Welcome to this week’s Postcard From – the feature where I chat to some lucky explorer about their recent travels.
This week, I’m very excited to be sharing a Postcard with a bit of a difference – with not only photographs but also sketches and paintings from Jens of Letters from the Field. Jens is an archaeologist and – this may probably come as no surprise here – an avid traveller. Already getting around for work quite a bit – having participated in research and excavations from Scandinavia to the Balkans and the Middle East – he could not hold still in his spare time either, keeping travelling on the lookout for even more traces of past and current cultures. Being also an avid climber, hiker, kayaker, and scuba diver no journey could be to long or challenging as – to just serve the cliché – often enough the journey is the destination. When embarking on adventure, Jens never leaves without his hat, journal, and travel sketchbook – as you may convince yourself with his virtual travelogue and on twitter.
Hi, Jens! So, where are you sending this Postcard from?
Hi, this is a postcard from Greenland. The world’s largest and – to some degree – most chilly island somehow does not stop mesmerizing me. Ice, mountains, fjords; ruins of a Viking past and evidence of a colourful present Inuit culture – it’s not hard to understand what could be so fascinating about this spot. In fact that fascinating, I already ended up here for the third time last summer. Our third kayak expedition leading us deeper into Greenland’s picturesque fjords and again closer to its mighty ice sheet. Honestly, could there be a better place for some kayaking than the very birthplace of the kayak itself?
I don’t think so – that sounds incredible! So, is it always cold there?
Yet alone to make the most of daylight, summer somehow was naturally preferred period for our Arctic kayaking adventures (especially beyond the Polar Circle the sun barely reaching the horizon). And even in Greenland summer really could mean nice 20-something degrees Celsius. T-shirt- and, yes, even sunburn-weather – Erik the Red did not lie to his fellow Icelandic Vikings when describing the countryside (at least those rather lush south-western fjords) as a ‘Green’ –land. Of course, this could change quickly as we also learned, spending more than one day in rain, mist, and heavy wind.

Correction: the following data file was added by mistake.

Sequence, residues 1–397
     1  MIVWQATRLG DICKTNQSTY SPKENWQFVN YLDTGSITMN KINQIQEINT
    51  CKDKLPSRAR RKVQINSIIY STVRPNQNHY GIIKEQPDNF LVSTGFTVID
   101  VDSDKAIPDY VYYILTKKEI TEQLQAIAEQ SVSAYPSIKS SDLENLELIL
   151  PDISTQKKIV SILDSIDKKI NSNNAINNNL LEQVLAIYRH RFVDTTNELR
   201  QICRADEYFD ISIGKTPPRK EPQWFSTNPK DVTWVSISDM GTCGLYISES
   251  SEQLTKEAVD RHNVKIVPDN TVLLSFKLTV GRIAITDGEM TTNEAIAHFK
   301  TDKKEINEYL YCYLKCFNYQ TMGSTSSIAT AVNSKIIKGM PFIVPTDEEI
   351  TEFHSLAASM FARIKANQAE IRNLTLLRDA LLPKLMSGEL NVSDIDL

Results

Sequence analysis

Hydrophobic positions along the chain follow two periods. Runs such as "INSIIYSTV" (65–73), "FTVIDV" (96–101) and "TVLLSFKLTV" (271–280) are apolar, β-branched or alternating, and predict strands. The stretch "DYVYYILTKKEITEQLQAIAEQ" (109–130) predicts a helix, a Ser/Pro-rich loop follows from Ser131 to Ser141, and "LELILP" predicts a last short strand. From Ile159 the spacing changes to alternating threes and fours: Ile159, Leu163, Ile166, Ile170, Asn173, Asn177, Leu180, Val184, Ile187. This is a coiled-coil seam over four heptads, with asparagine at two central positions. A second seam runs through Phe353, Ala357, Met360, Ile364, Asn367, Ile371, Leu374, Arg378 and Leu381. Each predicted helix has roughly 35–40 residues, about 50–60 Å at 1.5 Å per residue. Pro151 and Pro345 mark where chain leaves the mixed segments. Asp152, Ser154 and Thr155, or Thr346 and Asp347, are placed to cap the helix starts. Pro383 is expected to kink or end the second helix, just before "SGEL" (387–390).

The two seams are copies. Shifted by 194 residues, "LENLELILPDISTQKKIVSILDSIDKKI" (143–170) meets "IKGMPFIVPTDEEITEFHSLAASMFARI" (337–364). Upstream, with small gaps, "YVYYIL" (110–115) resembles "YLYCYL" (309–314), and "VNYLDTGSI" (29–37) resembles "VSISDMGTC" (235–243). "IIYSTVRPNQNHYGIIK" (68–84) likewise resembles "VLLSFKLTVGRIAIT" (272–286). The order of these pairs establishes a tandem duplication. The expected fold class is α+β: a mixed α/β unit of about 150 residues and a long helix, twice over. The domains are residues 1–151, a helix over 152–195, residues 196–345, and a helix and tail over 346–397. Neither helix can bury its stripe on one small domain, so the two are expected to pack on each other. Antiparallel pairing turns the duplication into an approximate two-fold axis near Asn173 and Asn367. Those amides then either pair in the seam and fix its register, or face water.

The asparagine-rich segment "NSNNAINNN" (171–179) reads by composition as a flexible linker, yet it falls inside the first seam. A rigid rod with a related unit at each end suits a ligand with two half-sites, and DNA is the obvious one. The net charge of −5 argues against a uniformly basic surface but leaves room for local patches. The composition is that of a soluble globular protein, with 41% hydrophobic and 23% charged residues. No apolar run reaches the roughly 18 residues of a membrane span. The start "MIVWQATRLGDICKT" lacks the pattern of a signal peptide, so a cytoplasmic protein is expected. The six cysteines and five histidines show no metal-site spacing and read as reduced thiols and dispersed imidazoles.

Where did you stay?
Most of the time: In our tents – pretty much anywhere. That’s the great thing about roaming the wild: You learn to appreciate that you actually really don’t need much in the end of the day. In case of this kayak-expedition it basically just needed three things to be happy: A shore shallow enough to disembark, a small spot dry and flat enough to make camp, and some fresh water or ice to get some drinkable water. The rewarding view these campsites often offered was a welcome bonus.
The simple life is definitely best! What did you get up to?
Paddling among icebergs is hard to beat and probably only beaten by paddling among whales. A quite stunning experience when these majestic animals suddenly emerge next to your tiny boat, snorting a bit and then waving goodbye with their giant flukes before submerging again. To be honest, I was not only curious but also a bit nervous thinking about where thy might surface next and whether they got a look up first.
Of course, you also really cannot keep this archaeologist guy away from ruins, so a closer look onto almost any remains Viking homesteads, Norse churches, Eskimo dwellings and burials along the way was a necessary stop-over whenever the going was good.
Now I’m really jealous! Do you have a highlight from the trip?
The wake-up-call one morning. Suddenly some puffing and blowing from the water just outside our tent was heard which – after sneaking a sleepy-eyed peek outside – turned out a couple of whales just passing by. Best breakfast entertainment ever.